Sun Valley, the beneficial owner of 17.61% of Canagold, decided to mount a proxy fight ahead of the July 19 Annual General Meeting. They even paid a 20% premium in order to obtain additional shares with voting rights.
Who is Sun Valley?
Sun Valley Investments is a private equity firm which strives to produce superior returns for all stakeholders. We focus on the precious metals industry with portfolio companies and branch offices in the UAE, United States, Colombia, Canada, Switzerland, Spain and India. Sun Valley has completed over US$2.5 billion in gold transactions, has over US$350 million in assets under management, and have raised over US$1 billion for projects in three continents.
According to their proxy, if the Sun Valley Board was elected, they intend to
Resume drilling in 2022/23 to increase the resource base with a view to move inferred mineral resources to indicated mineral resources.
Immediately tender the feasibility study and start it [sic] this year. We expect the feasibility study to take approximately 18 months to complete, but we expect it would provide sufficient data to define the design parameters needed for permitting to begin within six months.
Initiate the permitting process in Q2 2023.
Once elected, the company will add in C$7.6 million in equity capital at a 20% premium to market price.
Sun Valley won by an overwhelming vote of confidence in their favor.
The first 3 nominees were proposed by Sun Valley. Scott Eldridge, the current CEO, was voted in by 22.98% of shareholders, a far cry from the 43%+ the Sun Valley team secured. The Sun Valley case was so solid that independent proxy advisor Institutional Shareholder Services (ISS) advised shareholders to vote for them. The support by ISS, Sun Valley uncovering undisclosed trading activity by Bradford Cooke, and shining a light on the egregiously dilutive stock option plan clinched the vote in their favor.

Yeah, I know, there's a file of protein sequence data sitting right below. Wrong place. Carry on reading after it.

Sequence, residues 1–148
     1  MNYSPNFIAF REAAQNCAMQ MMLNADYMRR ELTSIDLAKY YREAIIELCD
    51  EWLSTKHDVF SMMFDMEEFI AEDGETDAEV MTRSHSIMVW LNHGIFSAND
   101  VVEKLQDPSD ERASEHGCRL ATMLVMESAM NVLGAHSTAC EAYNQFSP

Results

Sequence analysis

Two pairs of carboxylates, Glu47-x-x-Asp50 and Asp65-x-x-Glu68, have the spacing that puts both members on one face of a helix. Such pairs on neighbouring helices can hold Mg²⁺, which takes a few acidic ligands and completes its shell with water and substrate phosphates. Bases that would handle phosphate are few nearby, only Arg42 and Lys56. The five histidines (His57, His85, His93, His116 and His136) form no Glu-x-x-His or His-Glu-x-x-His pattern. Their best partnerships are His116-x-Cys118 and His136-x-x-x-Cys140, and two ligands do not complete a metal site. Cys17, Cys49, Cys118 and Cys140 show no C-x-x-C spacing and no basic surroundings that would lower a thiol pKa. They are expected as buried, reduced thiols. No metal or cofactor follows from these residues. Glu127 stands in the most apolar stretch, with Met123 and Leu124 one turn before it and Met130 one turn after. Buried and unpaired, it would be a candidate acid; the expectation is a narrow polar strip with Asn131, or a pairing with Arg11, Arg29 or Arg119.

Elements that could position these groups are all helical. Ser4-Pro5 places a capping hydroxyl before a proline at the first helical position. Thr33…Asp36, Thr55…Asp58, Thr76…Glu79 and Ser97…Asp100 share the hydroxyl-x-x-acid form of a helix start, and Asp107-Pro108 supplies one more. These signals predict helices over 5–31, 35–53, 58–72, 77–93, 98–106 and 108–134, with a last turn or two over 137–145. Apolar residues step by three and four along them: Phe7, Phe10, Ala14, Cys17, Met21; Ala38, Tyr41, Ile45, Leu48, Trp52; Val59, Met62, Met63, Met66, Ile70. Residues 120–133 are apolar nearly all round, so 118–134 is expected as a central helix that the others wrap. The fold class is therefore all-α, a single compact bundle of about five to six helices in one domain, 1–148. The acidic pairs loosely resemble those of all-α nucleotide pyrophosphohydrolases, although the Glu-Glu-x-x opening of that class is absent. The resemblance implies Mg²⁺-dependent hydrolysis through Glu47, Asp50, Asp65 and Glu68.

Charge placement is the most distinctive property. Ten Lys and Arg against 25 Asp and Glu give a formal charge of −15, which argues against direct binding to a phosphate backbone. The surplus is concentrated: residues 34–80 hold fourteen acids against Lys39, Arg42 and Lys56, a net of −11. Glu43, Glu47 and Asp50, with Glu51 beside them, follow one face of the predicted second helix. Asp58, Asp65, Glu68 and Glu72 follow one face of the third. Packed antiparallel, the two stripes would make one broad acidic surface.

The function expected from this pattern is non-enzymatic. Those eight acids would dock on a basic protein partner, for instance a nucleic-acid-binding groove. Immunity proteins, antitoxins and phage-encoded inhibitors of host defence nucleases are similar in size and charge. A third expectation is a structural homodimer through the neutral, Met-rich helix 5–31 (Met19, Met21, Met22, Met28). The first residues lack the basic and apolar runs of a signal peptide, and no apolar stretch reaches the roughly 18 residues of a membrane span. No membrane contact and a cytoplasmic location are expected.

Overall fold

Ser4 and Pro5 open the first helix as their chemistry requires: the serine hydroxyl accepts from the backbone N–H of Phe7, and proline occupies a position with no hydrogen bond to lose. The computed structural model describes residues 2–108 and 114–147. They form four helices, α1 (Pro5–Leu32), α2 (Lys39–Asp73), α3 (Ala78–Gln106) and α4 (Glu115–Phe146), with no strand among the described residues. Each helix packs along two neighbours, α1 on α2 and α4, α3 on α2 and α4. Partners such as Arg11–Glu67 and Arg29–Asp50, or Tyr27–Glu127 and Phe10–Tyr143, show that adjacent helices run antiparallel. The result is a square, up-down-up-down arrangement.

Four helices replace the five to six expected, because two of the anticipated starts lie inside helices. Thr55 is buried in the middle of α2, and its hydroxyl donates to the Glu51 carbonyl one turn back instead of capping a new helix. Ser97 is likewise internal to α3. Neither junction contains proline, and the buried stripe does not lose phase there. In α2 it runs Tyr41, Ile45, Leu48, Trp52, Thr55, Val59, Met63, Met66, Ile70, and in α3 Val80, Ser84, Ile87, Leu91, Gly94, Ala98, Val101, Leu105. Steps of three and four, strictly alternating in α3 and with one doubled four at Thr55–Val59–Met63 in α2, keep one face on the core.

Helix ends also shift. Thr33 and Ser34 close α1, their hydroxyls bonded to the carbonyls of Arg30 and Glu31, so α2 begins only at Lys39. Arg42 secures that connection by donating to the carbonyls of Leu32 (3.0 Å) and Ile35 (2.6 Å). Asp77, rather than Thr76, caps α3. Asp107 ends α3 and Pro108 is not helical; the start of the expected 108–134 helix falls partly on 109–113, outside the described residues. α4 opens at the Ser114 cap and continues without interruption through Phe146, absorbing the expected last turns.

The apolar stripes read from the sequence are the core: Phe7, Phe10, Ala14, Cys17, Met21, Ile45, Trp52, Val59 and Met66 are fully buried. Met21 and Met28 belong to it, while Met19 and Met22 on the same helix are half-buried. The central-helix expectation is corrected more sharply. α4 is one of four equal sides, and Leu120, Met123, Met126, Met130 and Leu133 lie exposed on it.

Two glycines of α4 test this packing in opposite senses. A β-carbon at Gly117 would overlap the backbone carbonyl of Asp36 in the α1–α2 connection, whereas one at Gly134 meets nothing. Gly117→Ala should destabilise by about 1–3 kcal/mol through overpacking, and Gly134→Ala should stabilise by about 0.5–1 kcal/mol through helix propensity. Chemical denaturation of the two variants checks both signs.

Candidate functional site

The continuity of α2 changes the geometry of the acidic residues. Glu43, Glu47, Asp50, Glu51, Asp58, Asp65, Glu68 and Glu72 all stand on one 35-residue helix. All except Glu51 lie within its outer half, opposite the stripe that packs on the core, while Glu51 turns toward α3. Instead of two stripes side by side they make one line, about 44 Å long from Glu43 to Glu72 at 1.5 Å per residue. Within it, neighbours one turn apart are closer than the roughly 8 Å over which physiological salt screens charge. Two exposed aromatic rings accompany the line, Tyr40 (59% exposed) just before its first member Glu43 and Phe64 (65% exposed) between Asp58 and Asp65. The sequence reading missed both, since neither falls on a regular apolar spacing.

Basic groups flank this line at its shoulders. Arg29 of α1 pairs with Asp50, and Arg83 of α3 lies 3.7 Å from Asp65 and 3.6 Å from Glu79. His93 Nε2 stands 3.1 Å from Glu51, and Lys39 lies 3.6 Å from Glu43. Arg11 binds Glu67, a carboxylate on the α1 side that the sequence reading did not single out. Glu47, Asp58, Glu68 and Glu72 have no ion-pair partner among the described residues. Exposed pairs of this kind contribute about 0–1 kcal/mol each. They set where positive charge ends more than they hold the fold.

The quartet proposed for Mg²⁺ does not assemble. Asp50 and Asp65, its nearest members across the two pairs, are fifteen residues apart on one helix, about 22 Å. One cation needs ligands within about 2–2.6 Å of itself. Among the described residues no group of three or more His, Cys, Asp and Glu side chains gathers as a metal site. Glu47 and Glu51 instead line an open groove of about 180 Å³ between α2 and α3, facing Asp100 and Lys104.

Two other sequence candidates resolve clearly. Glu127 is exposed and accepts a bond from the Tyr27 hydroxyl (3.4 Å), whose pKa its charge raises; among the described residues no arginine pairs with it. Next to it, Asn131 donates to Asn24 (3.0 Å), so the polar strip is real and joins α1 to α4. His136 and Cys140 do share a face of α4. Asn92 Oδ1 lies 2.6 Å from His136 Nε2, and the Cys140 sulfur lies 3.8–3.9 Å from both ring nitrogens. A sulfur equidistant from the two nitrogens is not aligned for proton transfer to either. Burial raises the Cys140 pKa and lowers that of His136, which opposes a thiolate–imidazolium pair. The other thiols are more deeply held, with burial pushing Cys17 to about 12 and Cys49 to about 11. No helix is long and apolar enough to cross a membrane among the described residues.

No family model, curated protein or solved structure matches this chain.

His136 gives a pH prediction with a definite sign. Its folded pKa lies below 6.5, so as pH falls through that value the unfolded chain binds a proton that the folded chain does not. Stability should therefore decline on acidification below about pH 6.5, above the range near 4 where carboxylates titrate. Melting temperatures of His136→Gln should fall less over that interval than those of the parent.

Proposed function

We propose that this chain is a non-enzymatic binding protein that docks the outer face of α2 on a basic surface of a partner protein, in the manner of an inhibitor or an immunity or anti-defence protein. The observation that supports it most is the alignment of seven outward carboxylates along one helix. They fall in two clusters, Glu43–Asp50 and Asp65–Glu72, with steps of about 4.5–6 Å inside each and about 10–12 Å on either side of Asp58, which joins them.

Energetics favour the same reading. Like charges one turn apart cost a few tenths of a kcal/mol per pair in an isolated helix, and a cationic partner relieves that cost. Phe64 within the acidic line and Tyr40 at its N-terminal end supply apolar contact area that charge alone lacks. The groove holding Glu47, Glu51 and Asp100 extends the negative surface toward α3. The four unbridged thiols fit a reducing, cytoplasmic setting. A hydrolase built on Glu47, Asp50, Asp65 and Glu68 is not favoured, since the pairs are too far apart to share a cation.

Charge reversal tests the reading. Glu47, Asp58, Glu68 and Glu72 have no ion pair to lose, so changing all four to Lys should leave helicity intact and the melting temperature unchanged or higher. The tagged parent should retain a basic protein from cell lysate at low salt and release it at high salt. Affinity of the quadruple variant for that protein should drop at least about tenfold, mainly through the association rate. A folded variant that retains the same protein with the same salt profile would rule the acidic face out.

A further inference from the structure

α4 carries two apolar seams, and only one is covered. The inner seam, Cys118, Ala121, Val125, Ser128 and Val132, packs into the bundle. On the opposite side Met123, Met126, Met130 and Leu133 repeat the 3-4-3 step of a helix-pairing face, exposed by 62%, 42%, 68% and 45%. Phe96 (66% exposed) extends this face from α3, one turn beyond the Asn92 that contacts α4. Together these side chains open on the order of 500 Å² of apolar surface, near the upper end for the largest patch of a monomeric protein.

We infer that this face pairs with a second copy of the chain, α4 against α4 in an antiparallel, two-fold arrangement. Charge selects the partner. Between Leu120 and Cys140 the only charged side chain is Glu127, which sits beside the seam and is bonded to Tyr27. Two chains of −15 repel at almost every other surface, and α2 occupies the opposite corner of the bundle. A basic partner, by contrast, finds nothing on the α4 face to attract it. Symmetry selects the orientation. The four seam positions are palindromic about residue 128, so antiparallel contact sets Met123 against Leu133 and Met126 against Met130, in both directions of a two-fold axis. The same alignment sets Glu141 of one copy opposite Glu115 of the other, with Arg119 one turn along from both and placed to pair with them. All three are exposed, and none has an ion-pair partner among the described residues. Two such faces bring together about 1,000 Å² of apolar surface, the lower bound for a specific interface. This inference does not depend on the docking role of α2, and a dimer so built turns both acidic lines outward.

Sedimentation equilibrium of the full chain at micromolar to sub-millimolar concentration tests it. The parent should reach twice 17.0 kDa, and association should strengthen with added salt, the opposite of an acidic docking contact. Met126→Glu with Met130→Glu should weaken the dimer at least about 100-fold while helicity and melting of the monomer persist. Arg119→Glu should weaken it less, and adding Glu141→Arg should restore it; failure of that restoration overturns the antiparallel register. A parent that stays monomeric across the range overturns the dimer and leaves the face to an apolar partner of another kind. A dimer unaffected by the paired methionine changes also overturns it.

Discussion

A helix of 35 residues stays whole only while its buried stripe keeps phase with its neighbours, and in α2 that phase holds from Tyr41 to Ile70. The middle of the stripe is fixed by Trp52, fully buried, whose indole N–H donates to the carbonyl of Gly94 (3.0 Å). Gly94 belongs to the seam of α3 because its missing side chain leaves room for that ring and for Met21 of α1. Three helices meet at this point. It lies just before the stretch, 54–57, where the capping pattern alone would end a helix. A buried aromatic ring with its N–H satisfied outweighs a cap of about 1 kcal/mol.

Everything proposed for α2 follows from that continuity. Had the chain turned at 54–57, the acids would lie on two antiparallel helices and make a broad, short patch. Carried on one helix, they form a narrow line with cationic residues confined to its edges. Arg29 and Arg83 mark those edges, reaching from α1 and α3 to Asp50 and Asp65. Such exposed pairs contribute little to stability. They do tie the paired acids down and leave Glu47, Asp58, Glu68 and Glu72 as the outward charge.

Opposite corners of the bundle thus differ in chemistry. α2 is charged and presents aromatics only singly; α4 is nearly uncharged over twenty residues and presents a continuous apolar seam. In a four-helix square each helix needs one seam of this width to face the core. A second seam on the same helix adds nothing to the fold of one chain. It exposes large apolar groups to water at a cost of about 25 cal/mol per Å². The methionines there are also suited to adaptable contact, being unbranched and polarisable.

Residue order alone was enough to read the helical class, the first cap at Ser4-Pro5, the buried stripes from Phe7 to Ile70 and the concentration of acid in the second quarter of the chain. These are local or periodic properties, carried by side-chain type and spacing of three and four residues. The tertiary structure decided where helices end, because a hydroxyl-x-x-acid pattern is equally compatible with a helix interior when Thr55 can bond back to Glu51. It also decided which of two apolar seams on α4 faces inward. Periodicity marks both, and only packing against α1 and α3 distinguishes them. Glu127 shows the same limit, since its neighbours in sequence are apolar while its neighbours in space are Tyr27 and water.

Results were announced yesterday (7/20) and the Sun Valley team is in charge of Canagold.
I acquired shares yesterday, hitting the offer price (30 cents) to acquire my stake. There appears to be a sell wall in place at that level, and there’s enough volume in the stock that acquiring a meaningful stake is doable. That’s not always the case for a TSX small cap.
My expectation is that Sun Valley will follow through on their promise and infuse cash into Canagold at a 20% premium to market. That’s at least 35 cents, assuming the premium is based on the 29 cents closing price yesterday. Their original proposal called for a C$7.6 million financing at 32 cents. Whichever path they take, as long as cash comes into the company and goes into proving up New Polaris (as opposed to enriching insiders yet again), I think buying Canagold at these levels offers a decent risk:reward.
If you want to follow me on this and my other trades, I run a free Telegram group that you can join.
Disclaimer: I have no affiliation with Sun Valley Investments or any insider at Canagold. I am not a Registered Investment Advisor (RIA) and nothing in this article should be construed as “investment advice”.